1 ir­ri­ga­tion sys­tem

Gardening Australia - - KNOW-HOW -

If you don’t like wa­ter­ing by hand, con­sider set­ting up a sim­ple ‘set and for­get’ retic­u­la­tion sys­tem. This is in­dis­pens­able for gar­den­ers in dry ar­eas, es­pe­cially if there is lit­tle sum­mer rain. For a small in­vest­ment, the sys­tem reg­u­larly wa­ters your plants for you, even when you’re on hol­i­day.

Some peo­ple in­stall retic­u­la­tion for year-round use, but you can also rig up a sim­ple sys­tem that can be used to help plants get es­tab­lished, then pull it apart and use it for the next project.

If you have no idea how ir­ri­ga­tion works or what you need to buy, cre­ate a ba­sic sketch of your gar­den bed and the po­si­tion of the plants. Write down the di­men­sions of the bed and the dis­tance from the gar­den bed to your clos­est tap. Take the sketch and mea­sure­ments to an ir­ri­ga­tion spe­cial­ist or gar­den cen­tre, and seek as­sis­tance. Tell them about any wind con­di­tions and water pres­sure, so you get the cor­rect sprin­klers for even cov­er­age.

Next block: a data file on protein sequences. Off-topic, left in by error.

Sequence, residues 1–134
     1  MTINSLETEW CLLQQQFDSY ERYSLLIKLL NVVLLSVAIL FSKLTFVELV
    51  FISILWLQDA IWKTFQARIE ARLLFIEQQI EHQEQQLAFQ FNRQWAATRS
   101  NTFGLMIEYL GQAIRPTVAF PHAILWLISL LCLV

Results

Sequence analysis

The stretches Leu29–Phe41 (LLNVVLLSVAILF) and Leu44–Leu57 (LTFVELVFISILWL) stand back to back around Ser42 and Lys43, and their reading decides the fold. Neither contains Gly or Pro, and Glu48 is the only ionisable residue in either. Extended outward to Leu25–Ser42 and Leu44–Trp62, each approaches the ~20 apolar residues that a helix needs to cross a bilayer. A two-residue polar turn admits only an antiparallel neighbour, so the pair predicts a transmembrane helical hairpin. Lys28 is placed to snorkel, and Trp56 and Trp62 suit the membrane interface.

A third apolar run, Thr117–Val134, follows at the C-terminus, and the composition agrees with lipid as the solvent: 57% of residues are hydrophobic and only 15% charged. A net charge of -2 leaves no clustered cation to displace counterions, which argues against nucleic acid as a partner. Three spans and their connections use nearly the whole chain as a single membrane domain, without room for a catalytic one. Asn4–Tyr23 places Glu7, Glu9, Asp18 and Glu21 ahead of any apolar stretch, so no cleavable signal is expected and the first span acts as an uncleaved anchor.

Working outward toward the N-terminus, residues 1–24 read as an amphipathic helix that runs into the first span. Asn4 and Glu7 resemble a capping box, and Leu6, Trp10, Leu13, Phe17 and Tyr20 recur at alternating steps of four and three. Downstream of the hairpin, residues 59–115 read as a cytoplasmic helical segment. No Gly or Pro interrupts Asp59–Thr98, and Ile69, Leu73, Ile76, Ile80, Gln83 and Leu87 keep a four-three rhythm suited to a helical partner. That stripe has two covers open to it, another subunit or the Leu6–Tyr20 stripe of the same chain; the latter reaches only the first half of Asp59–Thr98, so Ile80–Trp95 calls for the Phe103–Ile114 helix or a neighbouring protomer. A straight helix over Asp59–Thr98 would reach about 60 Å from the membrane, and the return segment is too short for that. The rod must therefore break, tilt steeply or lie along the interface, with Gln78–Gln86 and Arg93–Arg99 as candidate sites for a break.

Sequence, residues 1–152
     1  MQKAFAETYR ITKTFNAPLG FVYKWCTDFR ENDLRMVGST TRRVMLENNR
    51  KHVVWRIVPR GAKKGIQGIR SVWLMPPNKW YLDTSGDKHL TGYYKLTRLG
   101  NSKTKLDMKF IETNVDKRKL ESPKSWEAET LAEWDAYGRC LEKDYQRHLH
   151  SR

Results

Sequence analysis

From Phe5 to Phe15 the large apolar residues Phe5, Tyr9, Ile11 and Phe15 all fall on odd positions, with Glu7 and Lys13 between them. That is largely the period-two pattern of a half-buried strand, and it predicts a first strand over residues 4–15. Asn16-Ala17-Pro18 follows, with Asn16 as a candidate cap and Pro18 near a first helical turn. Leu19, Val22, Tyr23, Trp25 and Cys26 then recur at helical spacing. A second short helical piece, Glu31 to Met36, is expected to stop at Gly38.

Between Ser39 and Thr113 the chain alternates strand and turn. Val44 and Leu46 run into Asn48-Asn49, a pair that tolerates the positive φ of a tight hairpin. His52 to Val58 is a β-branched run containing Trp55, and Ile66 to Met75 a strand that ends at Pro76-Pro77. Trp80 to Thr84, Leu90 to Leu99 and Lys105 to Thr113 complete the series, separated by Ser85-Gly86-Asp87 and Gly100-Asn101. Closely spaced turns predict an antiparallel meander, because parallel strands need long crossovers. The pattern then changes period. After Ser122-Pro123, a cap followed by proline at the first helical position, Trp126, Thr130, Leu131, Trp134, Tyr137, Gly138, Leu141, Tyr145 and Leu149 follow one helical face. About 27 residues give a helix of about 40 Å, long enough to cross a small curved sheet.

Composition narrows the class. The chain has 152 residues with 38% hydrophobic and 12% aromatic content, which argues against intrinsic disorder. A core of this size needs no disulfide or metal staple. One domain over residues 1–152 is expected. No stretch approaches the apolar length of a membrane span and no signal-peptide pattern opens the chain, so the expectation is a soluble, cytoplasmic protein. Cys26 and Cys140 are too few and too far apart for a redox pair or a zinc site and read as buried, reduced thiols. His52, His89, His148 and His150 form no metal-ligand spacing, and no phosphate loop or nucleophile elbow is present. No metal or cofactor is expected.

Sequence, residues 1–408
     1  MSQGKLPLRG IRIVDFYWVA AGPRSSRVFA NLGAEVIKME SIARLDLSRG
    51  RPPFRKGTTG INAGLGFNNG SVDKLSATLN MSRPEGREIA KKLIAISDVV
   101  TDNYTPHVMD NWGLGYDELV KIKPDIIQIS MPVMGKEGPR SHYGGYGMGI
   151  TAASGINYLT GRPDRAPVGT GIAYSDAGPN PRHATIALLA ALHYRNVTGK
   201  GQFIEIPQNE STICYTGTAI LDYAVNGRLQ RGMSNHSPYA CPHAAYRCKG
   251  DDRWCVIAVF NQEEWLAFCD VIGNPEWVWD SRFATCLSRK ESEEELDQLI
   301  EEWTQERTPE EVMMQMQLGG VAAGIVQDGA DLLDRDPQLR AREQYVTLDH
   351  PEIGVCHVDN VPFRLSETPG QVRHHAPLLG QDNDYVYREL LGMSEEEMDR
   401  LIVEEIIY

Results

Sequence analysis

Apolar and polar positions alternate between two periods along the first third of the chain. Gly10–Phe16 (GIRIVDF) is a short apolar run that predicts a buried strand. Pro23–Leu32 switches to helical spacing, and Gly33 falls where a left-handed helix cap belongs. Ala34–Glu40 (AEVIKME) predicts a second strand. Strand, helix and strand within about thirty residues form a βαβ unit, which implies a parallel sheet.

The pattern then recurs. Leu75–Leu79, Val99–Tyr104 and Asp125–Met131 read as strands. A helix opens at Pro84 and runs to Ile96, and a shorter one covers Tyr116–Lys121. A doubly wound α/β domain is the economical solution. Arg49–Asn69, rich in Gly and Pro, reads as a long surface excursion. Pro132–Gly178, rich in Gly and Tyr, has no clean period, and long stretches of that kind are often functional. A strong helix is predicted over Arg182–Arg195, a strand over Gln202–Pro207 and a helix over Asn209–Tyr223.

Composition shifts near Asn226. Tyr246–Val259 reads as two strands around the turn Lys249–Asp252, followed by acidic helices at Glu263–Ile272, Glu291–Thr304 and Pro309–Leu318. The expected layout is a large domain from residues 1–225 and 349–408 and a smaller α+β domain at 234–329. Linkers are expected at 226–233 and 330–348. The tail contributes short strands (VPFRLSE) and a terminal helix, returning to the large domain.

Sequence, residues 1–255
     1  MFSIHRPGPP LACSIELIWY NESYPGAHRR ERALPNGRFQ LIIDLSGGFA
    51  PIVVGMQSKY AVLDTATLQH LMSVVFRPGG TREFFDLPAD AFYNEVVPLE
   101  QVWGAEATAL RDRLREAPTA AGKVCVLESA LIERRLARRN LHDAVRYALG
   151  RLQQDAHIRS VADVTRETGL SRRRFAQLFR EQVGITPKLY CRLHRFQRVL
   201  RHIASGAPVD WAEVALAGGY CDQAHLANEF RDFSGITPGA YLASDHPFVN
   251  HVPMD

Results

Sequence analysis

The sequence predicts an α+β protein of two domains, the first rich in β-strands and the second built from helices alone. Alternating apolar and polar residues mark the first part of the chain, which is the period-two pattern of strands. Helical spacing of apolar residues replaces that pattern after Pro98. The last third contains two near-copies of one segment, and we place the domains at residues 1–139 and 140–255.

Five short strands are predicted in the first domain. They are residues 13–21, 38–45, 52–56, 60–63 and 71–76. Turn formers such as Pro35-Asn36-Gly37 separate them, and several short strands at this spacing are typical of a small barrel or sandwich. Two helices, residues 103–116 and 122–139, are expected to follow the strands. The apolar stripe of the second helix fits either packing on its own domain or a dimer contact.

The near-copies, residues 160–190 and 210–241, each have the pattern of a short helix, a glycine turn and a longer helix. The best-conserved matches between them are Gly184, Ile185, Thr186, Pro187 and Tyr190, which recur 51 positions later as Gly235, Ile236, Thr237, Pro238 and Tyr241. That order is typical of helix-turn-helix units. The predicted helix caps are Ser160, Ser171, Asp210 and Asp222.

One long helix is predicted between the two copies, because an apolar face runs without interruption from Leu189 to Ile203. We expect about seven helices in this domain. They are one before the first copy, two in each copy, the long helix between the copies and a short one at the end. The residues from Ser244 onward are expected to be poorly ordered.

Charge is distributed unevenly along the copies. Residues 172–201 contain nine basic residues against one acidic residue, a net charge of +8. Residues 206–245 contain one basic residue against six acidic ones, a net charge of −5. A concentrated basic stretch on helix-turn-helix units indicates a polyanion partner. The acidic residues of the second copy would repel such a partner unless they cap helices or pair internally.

The ir­ri­ga­tion pro­fes­sion­als will draw a sim­ple plan, work out what you need and sell you poly tube, the join­ers to con­nect sec­tions, el­bows for cor­ners and drip­per fit­tings. Gar­den­ers with high water pres­sure may also need to buy an in­ex­pen­sive pres­sure re­ducer, so that the sys­tem doesn’t burst.

Think of it as a kids’ con­struc­tion set for gar­den­ers. For help set­ting up your sys­tem, take a look at the di­a­gram on page 42.

Per­ma­nent sys­tems usu­ally sit just be­low the soil sur­face, but if you leave the sys­tem on top of the soil, you can hide it with a layer of mulch. To keep it sim­ple, con­nect a self-timer to your tap and set it to water early in the morn­ing to min­imise water evap­o­ra­tion.

“All plants need water while they’re get­ting es­tab­lished”

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